Meanwhile, the Trump transition is pushing the envelope: In the words of Trump adviser Steve Bannon (who in the past was executive chairman of Breitbart News), “It’s everything related to jobs.” In addition, Bannon emphasized that the trillion-dollar infrastructure figure was a serious goal for Team Trump.  

To be sure, a trillion dollars is a lot of money, but this a big country, and our needs are even bigger.  The American Society of Civil Engineers, for example, estimates that US infrastructure needs an additional $3.6 trillion

Moreover, today, thanks to record-low interest rates—actually, factoring in inflation, rates are negative—we see tantalizing possibilities for financing such construction.  As Bannon also said:

With negative interest rates throughout the world, it’s the greatest opportunity to rebuild everything.  Shipyards, ironworks, get them all jacked up.  . . . It will be as exciting as the 1930s, greater than the Reagan revolution—conservatives, plus populists, in an economic nationalist movement.

Yes, it’s interesting that Bannon cites the Rooseveltian 1930s as a precedent.  But then, of course, Bannon knows that Roosevelt a) dramatically reduced unemployment—it fell from 25 percent to one percent during the 12 years of his presidency—and b) was re-elected in 1936 in an epic landslide, carrying 46 of 48 states. 

In the meantime, others, too, are getting comfortable with Trump-style big-think.  Here, for example, is prominent financial writer James B. Stewart, headlining his New York Times piece, “Trump-Size Idea for a New President: Build Something Inspiring.”  Stewart begins on this positive note: 

Here’s how President-elect Trump could unify a bitterly divided America, provide well-paying jobs to many of the millions of disaffected workers who voted for him, and lift the economy, stock market and tax rolls.

And then Stewart recalls of FDR:

His Public Works Administration and Works Progress Administration, using combinations of public and private money, solicited proposals from states and cities, hired millions of workers and eventually built 78,000 bridges, 650,000 miles of roads, 700 miles of airport runways, 13,000 playgrounds and 125,000 military and civilian buildings, including more than 40,000 schools—in most cases to high standards of quality and design.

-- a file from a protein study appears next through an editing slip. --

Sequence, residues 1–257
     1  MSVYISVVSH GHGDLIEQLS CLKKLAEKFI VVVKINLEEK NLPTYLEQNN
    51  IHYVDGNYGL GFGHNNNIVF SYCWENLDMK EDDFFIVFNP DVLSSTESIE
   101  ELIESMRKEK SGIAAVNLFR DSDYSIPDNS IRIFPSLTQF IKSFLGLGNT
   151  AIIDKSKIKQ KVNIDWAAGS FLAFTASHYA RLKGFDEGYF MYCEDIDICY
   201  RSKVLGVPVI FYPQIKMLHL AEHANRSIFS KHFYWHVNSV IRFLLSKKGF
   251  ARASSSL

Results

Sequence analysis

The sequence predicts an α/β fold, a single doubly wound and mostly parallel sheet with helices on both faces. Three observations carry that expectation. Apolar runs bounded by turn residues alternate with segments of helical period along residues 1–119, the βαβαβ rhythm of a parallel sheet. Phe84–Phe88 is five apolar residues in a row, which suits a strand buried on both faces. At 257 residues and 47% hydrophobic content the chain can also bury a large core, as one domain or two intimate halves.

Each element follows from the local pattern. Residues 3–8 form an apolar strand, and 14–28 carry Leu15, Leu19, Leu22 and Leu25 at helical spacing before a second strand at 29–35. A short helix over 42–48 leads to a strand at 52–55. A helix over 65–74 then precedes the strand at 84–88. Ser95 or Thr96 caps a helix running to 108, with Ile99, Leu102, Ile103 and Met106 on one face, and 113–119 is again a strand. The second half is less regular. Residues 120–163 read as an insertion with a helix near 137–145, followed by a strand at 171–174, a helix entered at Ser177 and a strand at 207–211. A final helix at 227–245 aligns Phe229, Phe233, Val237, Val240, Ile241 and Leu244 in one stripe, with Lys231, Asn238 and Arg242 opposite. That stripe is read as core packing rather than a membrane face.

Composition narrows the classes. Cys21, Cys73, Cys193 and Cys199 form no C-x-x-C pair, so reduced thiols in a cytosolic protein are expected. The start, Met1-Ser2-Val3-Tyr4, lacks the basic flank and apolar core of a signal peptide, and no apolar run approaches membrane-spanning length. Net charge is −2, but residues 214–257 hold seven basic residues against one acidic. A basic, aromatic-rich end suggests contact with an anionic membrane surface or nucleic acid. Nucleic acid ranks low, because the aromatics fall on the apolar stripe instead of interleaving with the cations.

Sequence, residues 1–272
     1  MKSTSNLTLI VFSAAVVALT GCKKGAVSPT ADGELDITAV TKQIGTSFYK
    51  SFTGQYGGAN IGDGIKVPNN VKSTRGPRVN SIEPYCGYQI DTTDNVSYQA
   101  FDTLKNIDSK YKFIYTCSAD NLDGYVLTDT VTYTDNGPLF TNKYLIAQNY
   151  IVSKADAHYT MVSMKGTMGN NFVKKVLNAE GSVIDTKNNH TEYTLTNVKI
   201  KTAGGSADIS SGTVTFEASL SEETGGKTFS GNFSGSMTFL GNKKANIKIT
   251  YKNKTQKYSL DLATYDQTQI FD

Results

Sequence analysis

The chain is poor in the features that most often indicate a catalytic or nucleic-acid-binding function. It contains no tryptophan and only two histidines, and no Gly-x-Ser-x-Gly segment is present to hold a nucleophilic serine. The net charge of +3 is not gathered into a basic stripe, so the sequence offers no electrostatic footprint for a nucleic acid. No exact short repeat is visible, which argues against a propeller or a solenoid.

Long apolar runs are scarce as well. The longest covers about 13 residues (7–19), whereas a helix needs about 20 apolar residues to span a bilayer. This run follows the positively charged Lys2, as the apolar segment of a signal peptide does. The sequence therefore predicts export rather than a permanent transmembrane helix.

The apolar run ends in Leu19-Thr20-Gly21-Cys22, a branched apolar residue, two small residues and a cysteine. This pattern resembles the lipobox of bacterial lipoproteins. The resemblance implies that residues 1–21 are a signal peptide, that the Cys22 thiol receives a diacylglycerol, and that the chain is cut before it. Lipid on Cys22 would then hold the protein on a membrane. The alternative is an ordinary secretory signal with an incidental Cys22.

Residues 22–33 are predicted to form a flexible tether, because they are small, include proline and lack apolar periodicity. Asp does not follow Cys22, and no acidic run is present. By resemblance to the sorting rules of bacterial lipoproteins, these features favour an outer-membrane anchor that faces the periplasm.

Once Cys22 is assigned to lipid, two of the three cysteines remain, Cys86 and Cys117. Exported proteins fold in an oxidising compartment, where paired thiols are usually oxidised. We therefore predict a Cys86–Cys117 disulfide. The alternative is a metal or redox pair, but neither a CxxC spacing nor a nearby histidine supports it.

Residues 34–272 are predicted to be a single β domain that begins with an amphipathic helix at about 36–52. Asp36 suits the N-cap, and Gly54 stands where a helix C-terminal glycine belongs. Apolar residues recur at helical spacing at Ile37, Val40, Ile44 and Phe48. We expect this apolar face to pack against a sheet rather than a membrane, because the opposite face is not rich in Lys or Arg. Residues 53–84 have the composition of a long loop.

The federal government built the La Guardia, Ronald Reagan Washington National and Los Angeles International airports, the Upper Mississippi locks and dams, the Bonneville power project on the Columbia River, the Robert F. Kennedy Bridge in New York, and the Florida Keys Overseas Highway.  Most are still in use today. To a large degree, this is the infrastructure that made America great, to borrow Mr. Trump’s catchphrase.

Of course, some will accuse FDR of practicing Keynesian economics.  To which Virgil says, infrastructure is so obviously vital to a strong economy that building it, through whatever mechanism, is more commonsensical than Keynesian.  Indeed, long before Keynes, it was Alexander Hamilton, the apostle of private-sector growth and profit, who argued for “internal improvements”—that being the 18th century term for infrastructure. 

Still, some might ask: Wasn’t Obama supposed to be the Keynesian?  And didn’t he fail at being another Roosevelt?  After all, in 2008, Time magazine tricked up a famous photo of FDR to look like Obama and put it on its cover, with the caption, “The New New Deal.” 

Well, maybe Obama was a Keynesian, or a Rooselveltian, in theory—but, not, in fact, in reality.  The 44th president was never really interested in helping those “clingers.”  Instead, he was always most focused on sucking up to Democratic donors, who held penguins in higher regard than people.  Thus, back in 2009, it was easy to gnarl up the Obama agenda in politically correct green orthodoxies and reflexive NIMBYism.  And so that’s why nothing really got built with that $832 billion “stimulus.”  And the Times’ Stewart feels the same way; as he puts it: